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From Missouri Conservationist: Aug 2004


I enjoyed "Roadside Raptors." Last year we had a mated pair of Mississippi kites that made a daily ritual of perching on a dead branch in our oak tree.They were so beautiful to see, and their call is so unique, that we looked forward to watching them soar and dive in our yard all summer long.

This year they are back and have taken up residence in the same tree, but I've seen them harassed by jays as they sit on their perch. It's my understanding that the only reason they may have come into our area was as a result of the West Nile virus kill of the crows and jays in recent years. If this is correct, will my beautiful kites be driven from our area as the crow and jay populations rebound?

Madonna Lowell, Crestwood

Editor's note: Mississippi kite populations have been expanding even in areas where crows and bluejays are numerous. Crows and bluejay populations in the St. Louis area were hit hard by the mosquito-borne West Nile Virus from 2002 to 2003, to the point that their numbers are now extremely low. Unless affected species develop immunity to the disease, their numbers might not rebound.The disease also affects other bird species. In Missouri, 2004 testing of dead birds for West Nile Virus began May 1. If you should find a dead crow, blue jay, house sparrow, grackle or bird of prey (hawk, owl, eagle) in your yard or neighborhood, call your local city or county health department to report it. They may be interested in picking it up for West Nile Virus testing or in recording the locations of where dead birds are found.


The photograph of a sand prairie on page 20 of the June issue of the Conservationist was taken by Casey Galvin of Bloomington, Illinois.


Look in the July issue of the Conservationist on page 10 upper left corner. It appears to me that we have our very own Loch Ness Monster here in Missouri.

Louis Byford, Rock Port

Editor's note: According to photographer, Jim Rathert, the picture shows a twisted cottonwood in the pose of a serpent. He's pretty sure it wasn't a serpent posing as a twisted cottonwood.


Just wanted to let you know how absolutely wonderful we think your magazine is! I have never been to your website before but rushed here to renew my Conservationist subscription, as I don't know what we'd do without the truly great writing, beautiful photos, valuable and entertaining information, and lots more.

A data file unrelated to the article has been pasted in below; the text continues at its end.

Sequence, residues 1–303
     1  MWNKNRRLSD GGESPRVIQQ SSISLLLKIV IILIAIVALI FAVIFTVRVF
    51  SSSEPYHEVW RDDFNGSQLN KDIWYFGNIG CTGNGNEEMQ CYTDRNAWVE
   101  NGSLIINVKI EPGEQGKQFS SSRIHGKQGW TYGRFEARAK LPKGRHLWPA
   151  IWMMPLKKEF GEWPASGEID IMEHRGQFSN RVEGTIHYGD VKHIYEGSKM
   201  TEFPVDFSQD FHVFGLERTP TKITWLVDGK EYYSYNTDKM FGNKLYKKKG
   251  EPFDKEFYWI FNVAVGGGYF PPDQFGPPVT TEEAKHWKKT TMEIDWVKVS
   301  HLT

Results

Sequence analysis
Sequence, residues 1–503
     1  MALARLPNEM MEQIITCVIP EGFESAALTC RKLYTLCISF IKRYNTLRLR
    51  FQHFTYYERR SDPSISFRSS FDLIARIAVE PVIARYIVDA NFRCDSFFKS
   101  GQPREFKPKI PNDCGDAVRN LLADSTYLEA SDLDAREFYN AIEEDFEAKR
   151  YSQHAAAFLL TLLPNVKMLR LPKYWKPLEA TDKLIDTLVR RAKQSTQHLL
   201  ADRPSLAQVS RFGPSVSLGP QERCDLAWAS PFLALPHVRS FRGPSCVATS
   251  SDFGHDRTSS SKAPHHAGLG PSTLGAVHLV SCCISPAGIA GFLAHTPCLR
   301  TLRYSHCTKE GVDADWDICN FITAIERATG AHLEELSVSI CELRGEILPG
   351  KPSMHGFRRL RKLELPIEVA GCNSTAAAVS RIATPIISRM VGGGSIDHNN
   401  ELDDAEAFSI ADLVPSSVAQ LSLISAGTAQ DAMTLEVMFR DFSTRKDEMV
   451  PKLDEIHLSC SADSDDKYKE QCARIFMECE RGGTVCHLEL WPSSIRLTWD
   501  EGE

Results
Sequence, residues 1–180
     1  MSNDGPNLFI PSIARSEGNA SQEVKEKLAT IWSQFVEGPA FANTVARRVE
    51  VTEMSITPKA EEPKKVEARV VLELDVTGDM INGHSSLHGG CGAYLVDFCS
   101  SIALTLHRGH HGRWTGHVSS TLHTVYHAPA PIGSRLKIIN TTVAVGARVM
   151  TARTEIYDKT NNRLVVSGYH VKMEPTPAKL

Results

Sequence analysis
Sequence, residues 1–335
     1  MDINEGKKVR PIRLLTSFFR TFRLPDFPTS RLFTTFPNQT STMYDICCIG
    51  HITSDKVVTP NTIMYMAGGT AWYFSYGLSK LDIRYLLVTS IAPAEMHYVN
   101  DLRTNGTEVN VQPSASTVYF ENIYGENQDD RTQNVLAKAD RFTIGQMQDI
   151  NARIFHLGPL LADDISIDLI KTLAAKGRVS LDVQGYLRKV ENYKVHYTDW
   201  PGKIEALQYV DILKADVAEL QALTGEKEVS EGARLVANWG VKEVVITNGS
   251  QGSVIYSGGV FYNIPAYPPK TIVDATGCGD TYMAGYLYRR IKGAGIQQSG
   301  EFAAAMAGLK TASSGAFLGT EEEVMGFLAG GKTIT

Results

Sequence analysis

Our whole family enjoys the magazine. I am not from Missouri and have lived in several other states, but nowhere else did we receive--much less free-of-charge --anything remotely like your magazine. It's the finest example of my "tax dollars at work" I've ever seen!

Tracie Noel, Lake St. Louis


Just thought I'd remind you that Mark Twain Lake isn't a northwestern Missouri reservoir, as stated in the contents page of your June issue, but rather a northeastern one.

Tom Winter, Kansas City


I did enjoy your article on hunting dogs but I must take exception to some of your statements on the Brittany.

The Brittany is a most exceptional breed of dog. Most Brittanies have an excellent nose and will almost always hunt.The exception being when they have not been trained or handled properly.

It is one of the sporting dogs that also make an excellent companion and house dog when not in the field.One of the best kept secrets of the Brittany is how wonderful they are as house pets.Many of our National Champions, Field Champions and Dual Champions spend the off-season sleeping on the beds of their owners and playing with their children.

Marvin and Mary, via Internet

Ask the Ombudsman

Q: Do fox and gray squirrels crossbreed? What do they eat? I saw one around our bluebird house, acting like it was trying to get the baby birds. I've also heard that old male squirrels will castrate the young ones. Is this true?

image of ombudsmanA: Some color variations might give the appearance of crossbreeding, but fox squirrels and gray squirrels are two different species. In the unlikely event they did crossbreed, the offspring would be sterile.

Squirrels mainly eat vegetation, but they eat birds' eggs, nestlings, etc. Several years ago, when we had the major cicada hatch, I watched a fox squirrel eat a number of cicadas.Not too long ago several of us in this office watched a gray squirrel eat the insides out of a song bird that had struck a window and died.

Our squirrel biologist tells us that the young-of-the-year males' testes are internal and don't descend until the animal reaches sexual maturity.The castration story probably got its start from early-season hunters who didn't notice the organs in the body cavity of young males and erroneously concluded that they had been castrated.

For more information about squirrels, search the web using the key words Sciurus niger or Sciurus carolinensis. For information on nuisance or problem squirrels go to.

This Issue's Staff

Editor - Tom Cwynar
Managing Editor - Bryan Hendricks
Art Director - Ara Clark
Artist - Dave Besenger
Artist - Mark Raithel
Photographer - Jim Rathert
Photographer - Cliff White
Staff Writer - Jim Low
Staff Writer - Joan McKee
Circulation - Laura Scheuler